• Charged-particle external beam radiation therapy is a type of external-beam radiation therapy. A special radiation therapy machine aims tiny, invisible particles, called protons or helium ions, at the cancer cells to kill them with little damage to nearby normal tissues. Charged-particle radiation therapy uses a different type of radiation than the x-ray type of radiation therapy.
    • Gamma Knife therapy is a type of stereotactic radiosurgery used for some melanomas. This treatment can be given in one treatment. It aims tightly focused gamma rays directly at the tumor so there is little damage to healthy tissue. Gamma Knife therapy does not use a knife to remove the tumor and is not an operation.
  • Internal radiation therapy uses a radioactive substance sealed in needles, seeds, wires, or catheters that are placed directly into or near the cancer. Certain ways of giving radiation therapy can help keep radiation from damaging healthy tissue. This type of internal radiation therapy may include the following:
    • Localized plaque radiation therapy is a type of internal radiation therapy that may be used for tumors of the eye. Radioactive seeds are attached to one side of a disk, called a plaque, and placed directly on the outside wall of the eye near the tumor. The side of the plaque with the seeds on it faces the eyeball, aiming radiation at the tumor. The plaque helps protect other nearby tissue from the radiation.
Enlarge Plaque radiotherapy of the eye; drawing shows a cross-section of the eye. An inset shows a plaque with radioactive seeds; it is placed on the outside of the eye with the seeds aimed at the cancer. Also shown are the sclera, choroid, retina, and optic nerve.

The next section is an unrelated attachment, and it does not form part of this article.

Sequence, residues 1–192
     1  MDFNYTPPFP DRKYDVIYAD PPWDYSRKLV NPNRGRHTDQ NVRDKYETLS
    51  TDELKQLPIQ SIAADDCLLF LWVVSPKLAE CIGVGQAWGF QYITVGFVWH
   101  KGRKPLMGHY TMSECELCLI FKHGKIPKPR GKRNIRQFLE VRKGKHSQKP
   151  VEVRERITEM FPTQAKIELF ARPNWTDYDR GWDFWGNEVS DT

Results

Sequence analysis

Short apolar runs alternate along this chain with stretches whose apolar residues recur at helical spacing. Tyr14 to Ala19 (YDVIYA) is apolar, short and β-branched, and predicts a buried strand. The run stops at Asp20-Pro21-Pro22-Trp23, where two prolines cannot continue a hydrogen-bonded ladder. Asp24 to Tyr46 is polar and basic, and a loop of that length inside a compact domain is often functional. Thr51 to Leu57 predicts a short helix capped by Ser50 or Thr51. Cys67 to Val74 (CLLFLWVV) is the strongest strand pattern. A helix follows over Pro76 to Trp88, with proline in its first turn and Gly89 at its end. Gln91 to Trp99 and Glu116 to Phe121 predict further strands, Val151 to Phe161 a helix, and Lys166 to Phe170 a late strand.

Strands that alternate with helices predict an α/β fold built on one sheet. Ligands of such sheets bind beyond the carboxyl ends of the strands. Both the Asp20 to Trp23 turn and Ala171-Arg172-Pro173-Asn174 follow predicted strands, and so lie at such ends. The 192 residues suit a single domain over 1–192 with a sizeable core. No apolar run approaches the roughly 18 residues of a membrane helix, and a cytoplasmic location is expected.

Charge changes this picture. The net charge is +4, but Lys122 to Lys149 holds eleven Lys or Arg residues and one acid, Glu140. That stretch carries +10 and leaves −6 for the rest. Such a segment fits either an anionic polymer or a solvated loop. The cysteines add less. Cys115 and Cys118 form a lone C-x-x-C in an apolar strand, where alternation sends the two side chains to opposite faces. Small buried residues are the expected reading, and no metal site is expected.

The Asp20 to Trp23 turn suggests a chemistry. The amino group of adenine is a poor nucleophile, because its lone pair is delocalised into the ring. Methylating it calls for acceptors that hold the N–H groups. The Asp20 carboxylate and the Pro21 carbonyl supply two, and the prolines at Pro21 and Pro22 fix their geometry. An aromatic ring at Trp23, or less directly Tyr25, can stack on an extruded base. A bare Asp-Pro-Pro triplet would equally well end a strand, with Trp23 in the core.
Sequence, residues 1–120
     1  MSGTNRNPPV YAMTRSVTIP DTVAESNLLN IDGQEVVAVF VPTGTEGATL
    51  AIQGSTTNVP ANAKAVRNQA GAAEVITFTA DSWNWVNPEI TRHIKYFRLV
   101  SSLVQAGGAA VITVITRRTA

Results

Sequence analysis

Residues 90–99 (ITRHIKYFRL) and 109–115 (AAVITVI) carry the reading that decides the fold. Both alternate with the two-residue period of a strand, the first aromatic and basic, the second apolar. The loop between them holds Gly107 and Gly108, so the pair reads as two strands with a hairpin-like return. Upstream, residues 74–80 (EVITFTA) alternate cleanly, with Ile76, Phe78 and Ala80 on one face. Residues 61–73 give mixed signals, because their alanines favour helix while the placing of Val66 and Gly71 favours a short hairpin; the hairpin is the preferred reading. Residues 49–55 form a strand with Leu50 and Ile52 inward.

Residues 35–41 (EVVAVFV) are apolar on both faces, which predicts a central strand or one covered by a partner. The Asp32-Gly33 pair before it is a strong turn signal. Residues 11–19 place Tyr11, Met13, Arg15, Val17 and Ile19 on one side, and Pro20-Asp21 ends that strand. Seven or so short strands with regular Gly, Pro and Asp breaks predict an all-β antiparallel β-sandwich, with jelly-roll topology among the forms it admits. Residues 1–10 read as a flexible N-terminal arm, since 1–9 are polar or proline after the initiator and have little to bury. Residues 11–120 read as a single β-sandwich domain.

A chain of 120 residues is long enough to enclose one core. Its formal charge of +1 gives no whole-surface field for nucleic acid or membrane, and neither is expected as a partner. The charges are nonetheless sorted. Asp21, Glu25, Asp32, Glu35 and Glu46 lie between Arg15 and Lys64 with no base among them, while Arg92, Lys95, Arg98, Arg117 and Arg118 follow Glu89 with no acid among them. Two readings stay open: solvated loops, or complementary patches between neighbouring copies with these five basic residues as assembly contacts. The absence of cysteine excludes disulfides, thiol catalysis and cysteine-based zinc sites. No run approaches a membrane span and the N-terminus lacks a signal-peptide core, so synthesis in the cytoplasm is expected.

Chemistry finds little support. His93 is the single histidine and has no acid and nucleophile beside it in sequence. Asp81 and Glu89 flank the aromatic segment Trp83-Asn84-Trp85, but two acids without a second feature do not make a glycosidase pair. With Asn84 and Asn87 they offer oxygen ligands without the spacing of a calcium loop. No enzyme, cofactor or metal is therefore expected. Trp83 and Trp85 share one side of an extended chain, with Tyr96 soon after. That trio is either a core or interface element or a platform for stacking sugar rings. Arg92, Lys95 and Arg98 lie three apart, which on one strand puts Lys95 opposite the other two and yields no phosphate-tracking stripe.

Plaque radiotherapy of the eye. A type of radiation therapy used to treat eye tumors. Radioactive seeds are placed on one side of a thin piece of metal (usually gold) called a plaque. The plaque is sewn onto the outside wall of the eye. The seeds give off radiation which kills the cancer. The plaque is removed at the end of treatment, which usually lasts for several days.

The way the radiation therapy is given depends on the type and stage of the cancer being treated. External and internal radiation therapy are used to treat intraocular melanoma.

Photocoagulation

Photocoagulation is a procedure that uses laser light to destroy blood vessels that bring nutrients to the tumor, causing the tumor cells to die. Photocoagulation may be used to treat small tumors. This is also called light coagulation.

Thermotherapy

Thermotherapy is the use of heat from a laser to destroy cancer cells and shrink the tumor.

New types of treatment are being tested in clinical trials.

Information about clinical trials is available from the NCI website.

Treatment for intraocular (uveal) melanoma may cause side effects.

For information about side effects caused by treatment for cancer, see our Side Effects page.

Patients may want to think about taking part in a clinical trial.

For some patients, taking part in a clinical trial may be the best treatment choice. Clinical trials are part of the cancer research process. Clinical trials are done to find out if new cancer treatments are safe and effective or better than the standard treatment.